When Fox News's Geraldo Rivera speculated Tuesday that the Austin bomber may have chosen the Texas capitol because of its status as a deep-blue enclave in the middle of red-state Texas, he might've been on to something.
In a profile of suspected Austin Bomber Mark Anthony Conditt, the Austin American-Statesman spoke with several of the suspected bombers friends, who revealed that Conditt was deeply religious and had railed against homosexuality and abortion in a series of blog posts published when he was 17.
Conditt was homeschooled, which may have made it harder for him to fit in in the "real world," a friend said. External indicators suggest Conditt didn't have many friends. On a Facebook profile that was removed early Wednesday, Conditt only had 12 friends.
The same friend added that, when he first met Conditt, the boy seemed "rough around the edges" and could be assertive in an off-putting way.
"It’s really sad to think that one of my friends succumbed to hatred of some sort," Jeremiah Jensen, 24, who was homeschooled in the same Pflugerville community as Conditt, told the American-Statesman. "I have no idea what caused him to make those bombs. Whatever it was I wish he would have reached out to me and asked for help or something."
Jensen was one of only about a dozen friends listed on Conditt’s Facebook page before it was removed on Wednesday morning.
The two were close in 2012 and 2013, said Jensen, who would often go to the Conditts’ home for lunch after Sunday church service and attending Bible study and other activities together. Jensen said Conditt came from a good family, was athletic, enjoyed rock climbing and parkour and was a "deep thinker."
"When I met Mark, he was really rough around the edges," Jensen said. "He was a very assertive person and would … end up being kind of dominant and intimidating in conversation. A lot of people didn’t understand him and where he was coming from. He really just wanted to tell the truth. What I remember about him he would push back on you if you said something without thinking about it. He loved to think and argue and turn things over and figure out what was really going on."
Conditt's friend added that he knew faith was "a serious thing for him."
Jensen said Conditt attended regular church services at the Austin Stone Community Church on St. John’s Avenue.
"I know faith was a serious thing for him," he said. "I don’t know if he held onto his faith or not. … The kind of anger that he expressed and the kind of hate that he succumbed to — that’s not what he believed in in high school. I don’t know what happened along the way. This wasn’t him."
As a fellow homeschool student, Jensen described the inner experience of a lot of his friends as one of "loneliness."
"It’s just very difficult for a lot of kids to find a way to fit in once they are out in the real world," he said. "I have a feeling that is what happened with Mark. I don’t remember him ever being sure of what he wanted to do."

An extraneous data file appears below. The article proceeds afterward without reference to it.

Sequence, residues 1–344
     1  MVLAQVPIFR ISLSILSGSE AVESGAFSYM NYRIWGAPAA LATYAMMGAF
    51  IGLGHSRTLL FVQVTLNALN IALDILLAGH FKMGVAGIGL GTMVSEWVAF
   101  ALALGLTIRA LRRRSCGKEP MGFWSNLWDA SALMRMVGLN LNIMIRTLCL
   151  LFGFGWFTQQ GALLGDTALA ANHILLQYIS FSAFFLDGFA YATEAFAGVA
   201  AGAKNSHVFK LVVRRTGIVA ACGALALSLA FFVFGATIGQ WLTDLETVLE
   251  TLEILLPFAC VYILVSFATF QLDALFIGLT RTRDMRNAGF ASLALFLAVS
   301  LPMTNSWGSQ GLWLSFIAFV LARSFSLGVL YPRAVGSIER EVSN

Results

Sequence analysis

Back in 2012, when Corbitt was 17 years old, he outlined his political views in a series of blog posts that he wrote for an Austin Community College course on government.
Corbitt explained that he believed homosexuality was "unnatural" and that abortions were tantamount to murder. He added that he supported getting rid of the sex offender registry because too many people can't get jobs "because of a crime they committed 15 years ago as an adolescent."
On the blog, Conditt described himself as a conservative. It’s not clear whether politics played any role in the bombings, but the blog posts provide insight into Conditt’s thinking as he was growing up.
He wrote that he was against gay marriage and abortion and in favor of the death penalty.
He also wrote that he supported doing away with the sex offender registration system.
"So you have a guy who committed a crime. Will putting him on a (sex offender) list make it better? wouldn’t this only make people shun him, keep him from getting a job, and making friends? Just for a crime that he may have committed over 15 years ago as a adolescent? On a side note, one fifth of all rapes are committed by a juvenile," Conditt wrote.
On abortion, he wrote: “First, if a women does not want a baby, or is incapable of taking care of one, she should not participate in activities that were made for that reason. Second, if we are going to give women free abortions, why not give men free condoms, or the like? Is it not up to the couple to take these preventive measures?”
Arguing against gay marriage, he wrote that homosexuality is “not natural.”
"Just look at the male and female bodies. They are obviously designed to couple. The natural design is apparent. It is not natural to couple male with male and female with female. It would be like trying to fit two screws together and to nuts together and then say, 'See, it’s natural for them to go together.'"
Police are still investigating the bombings and have said Corbitt may have had accomplices. No motive has been determined. Police have said that neither Corbitt's roommates nor his family are suspected of being involved with the bombings.